Summary of “How to Work with a Manipulative Person”

Almost everyone who’s ever gone to work has had to deal with an office manipulator.
Many workplaces promote manipulators because they appear to be effective at getting things done, despite the significant costs their abuse can inflict on productivity and people over time.
Three kinds of responses have proven to be consistently effective for confronting most garden-variety manipulators, even if you have less rank, power, or status.
Manipulators don’t usually show their true colors at the beginning of a relationship.
Over time, she began to doubt her own instincts and started acting like the manipulative colleague’s sidekick rather than championing her own causes.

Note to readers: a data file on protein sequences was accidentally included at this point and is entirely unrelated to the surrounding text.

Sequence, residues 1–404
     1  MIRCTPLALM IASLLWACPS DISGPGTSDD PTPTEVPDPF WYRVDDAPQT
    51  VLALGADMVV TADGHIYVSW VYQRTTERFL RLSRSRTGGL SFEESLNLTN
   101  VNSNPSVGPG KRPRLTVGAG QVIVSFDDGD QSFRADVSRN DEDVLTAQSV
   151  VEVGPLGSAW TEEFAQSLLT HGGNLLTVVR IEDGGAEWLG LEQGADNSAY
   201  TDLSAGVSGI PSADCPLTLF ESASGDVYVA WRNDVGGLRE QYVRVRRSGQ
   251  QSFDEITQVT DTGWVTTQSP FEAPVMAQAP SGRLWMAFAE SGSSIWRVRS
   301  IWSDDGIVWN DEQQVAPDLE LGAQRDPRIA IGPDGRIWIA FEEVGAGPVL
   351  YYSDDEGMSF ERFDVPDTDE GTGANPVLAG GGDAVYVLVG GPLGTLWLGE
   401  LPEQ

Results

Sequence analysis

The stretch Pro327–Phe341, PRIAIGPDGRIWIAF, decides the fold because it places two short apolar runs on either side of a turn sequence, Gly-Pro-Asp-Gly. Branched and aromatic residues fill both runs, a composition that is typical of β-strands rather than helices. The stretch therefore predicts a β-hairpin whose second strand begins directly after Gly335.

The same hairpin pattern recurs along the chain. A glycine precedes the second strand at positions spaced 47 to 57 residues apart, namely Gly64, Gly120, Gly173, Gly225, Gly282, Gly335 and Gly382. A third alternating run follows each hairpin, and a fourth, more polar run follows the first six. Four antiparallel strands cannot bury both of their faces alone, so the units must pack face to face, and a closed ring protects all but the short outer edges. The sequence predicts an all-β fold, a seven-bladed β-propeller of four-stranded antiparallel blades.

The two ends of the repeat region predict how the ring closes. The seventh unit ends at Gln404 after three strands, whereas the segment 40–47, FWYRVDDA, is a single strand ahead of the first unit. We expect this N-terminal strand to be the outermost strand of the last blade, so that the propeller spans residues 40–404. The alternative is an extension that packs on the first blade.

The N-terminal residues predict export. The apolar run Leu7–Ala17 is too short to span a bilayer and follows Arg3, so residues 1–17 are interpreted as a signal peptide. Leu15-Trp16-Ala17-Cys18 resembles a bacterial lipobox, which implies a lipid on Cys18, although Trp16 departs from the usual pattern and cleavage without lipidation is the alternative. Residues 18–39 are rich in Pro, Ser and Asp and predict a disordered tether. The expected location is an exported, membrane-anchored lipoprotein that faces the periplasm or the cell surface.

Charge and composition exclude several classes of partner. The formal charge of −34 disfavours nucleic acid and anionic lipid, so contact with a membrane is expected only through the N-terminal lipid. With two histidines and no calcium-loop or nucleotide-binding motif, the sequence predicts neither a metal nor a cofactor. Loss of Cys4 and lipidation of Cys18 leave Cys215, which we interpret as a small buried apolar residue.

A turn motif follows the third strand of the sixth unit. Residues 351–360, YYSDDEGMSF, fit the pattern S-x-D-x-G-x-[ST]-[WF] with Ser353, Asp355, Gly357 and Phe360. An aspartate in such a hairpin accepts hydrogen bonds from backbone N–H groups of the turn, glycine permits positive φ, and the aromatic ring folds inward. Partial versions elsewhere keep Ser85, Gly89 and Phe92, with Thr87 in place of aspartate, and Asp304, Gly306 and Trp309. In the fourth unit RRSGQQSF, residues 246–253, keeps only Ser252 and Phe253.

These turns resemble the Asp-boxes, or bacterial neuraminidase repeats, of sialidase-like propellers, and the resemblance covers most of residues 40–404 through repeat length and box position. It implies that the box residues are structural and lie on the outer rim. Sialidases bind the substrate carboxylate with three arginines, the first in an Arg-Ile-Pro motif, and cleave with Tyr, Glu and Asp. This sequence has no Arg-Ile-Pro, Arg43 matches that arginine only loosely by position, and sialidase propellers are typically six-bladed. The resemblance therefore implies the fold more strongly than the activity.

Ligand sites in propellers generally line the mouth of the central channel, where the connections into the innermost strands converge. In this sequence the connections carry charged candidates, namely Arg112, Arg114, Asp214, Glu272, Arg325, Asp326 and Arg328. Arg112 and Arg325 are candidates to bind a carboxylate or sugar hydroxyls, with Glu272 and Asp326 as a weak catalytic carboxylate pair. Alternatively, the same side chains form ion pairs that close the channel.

At one point, a vice president who had an extremely self-serving and manipulative reputation raised his eyebrows in apparent surprise, shook his head repeatedly, and at the end shrugged, as if to indicate to his peers in the room that he either didn’t agree with what his colleague was saying or didn’t understand why he was saying it – all without him saying a word.
Rather than letting her hide her criticisms behind others, I would say things like, “You’ve been clear that you don’t like how James handled his team’s conflict. I’ll be happy to meet with you and James so that you can explain your concern, and then I can work with him on managing his team.” Now that she understands her own behavior pattern and has received support to change, she’s far less likely to offload uncomfortable situations to others.
If your position is senior to the manipulator’s, the most effective thing is to begin a rigorous plan of corrective action promptly, using approaches such as these and providing concrete behavioral feedback until they either drop their inappropriate habits or you remove them.

The orginal article.